Other responses to the arcticle

Science published a second technical comment by Ryan Chisholm and Tak Fung along with our comment, which reports similar results (Ryan also wrote a blog post about their study here). Moreover, we heard informally that Matteo Detto and colleagues had submitted another comment that was, however, not accepted for publication. We invited both to give a short summary of their conclusions regarding the study:

By Ryan Chisholm: In Chisholm and Fung (3), we show in more detail why the bias arises. LaManna et al. used an unusual “statistical trick”, whereby they transformed some data points but not others prior to model fitting, in order to account for the presence of quadrats with saplings but no adults. This “selective transformation” affected more data points in tropical than in temperate plots, which ultimately led to a greater bias in CNDD estimates in tropical plots and an artefactual latitudinal gradient in CNDD. A second statistical problem with the model was the lack of an intercept term, even though an intercept term was clearly suggested by the data and biologically is needed to account for immigration. After identifying the source of the bias, we performed a more appropriate statistical analysis, which does not use a “selective transformation” and includes an intercept in the model, and, on the same data, found no statistically detectable latitudinal trend in CNDD.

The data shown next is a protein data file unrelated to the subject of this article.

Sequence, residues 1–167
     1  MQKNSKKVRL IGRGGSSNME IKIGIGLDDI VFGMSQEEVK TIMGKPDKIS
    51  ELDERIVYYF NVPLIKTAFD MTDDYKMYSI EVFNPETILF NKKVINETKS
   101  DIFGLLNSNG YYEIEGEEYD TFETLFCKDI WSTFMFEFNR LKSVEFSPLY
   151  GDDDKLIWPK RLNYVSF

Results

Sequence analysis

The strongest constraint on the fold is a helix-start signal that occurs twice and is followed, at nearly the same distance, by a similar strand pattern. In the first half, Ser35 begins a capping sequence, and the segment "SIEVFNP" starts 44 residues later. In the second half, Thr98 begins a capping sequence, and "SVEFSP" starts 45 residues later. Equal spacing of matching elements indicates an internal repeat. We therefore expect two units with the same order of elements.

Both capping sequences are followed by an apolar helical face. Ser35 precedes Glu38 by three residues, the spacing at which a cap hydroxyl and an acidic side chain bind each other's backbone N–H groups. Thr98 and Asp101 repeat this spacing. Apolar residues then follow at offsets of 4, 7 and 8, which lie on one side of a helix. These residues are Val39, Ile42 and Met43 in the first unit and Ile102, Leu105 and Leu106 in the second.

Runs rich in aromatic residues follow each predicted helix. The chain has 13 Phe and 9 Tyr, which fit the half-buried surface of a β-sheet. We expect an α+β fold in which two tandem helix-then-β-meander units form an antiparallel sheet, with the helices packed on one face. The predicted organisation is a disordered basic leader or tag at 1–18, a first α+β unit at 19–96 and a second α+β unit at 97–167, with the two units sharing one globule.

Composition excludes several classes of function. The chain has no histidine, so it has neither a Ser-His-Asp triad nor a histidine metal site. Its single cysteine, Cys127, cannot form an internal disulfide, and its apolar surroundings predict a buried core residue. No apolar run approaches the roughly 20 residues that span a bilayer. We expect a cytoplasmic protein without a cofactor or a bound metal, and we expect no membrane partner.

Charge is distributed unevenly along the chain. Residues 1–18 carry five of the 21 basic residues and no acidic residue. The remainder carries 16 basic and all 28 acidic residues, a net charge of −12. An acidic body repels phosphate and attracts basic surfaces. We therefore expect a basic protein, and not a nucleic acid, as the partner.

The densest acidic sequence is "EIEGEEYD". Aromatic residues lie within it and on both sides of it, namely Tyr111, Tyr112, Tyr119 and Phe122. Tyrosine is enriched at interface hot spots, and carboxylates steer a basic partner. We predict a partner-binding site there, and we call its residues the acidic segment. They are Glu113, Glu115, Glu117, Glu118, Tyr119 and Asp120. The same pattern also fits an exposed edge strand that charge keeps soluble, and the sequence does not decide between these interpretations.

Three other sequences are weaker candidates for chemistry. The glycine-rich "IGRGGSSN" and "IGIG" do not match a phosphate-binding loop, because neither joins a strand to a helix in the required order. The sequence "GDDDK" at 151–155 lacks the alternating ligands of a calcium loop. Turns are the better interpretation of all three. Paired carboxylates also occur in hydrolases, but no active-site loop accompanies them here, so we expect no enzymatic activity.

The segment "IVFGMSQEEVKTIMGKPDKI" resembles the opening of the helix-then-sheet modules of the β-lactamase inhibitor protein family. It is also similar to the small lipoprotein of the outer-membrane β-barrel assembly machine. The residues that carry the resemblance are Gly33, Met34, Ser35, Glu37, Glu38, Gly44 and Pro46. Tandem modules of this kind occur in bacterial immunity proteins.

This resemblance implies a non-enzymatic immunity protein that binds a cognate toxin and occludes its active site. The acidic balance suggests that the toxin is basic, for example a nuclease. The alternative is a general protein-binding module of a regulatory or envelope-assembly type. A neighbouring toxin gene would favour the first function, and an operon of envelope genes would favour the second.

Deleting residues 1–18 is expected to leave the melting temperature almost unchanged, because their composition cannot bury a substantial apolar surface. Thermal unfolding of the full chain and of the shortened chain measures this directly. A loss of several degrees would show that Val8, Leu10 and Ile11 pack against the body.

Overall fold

By Matteo Detto: I simulated a spatial neutral model where individuals reproduce and displace their offspring according to Gaussian dispersal and saplings become adults without interacting with neighbors.  Both the within site pattern (the rare species bias) and the between sites pattern (the latitudinal gradient) produced by the neutral model were similar to the original patterns presented in LaManna et al., suggesting again that the patterns reported in LaManna et al. may be solely a result of a biased statistical estimator (Fig. 2).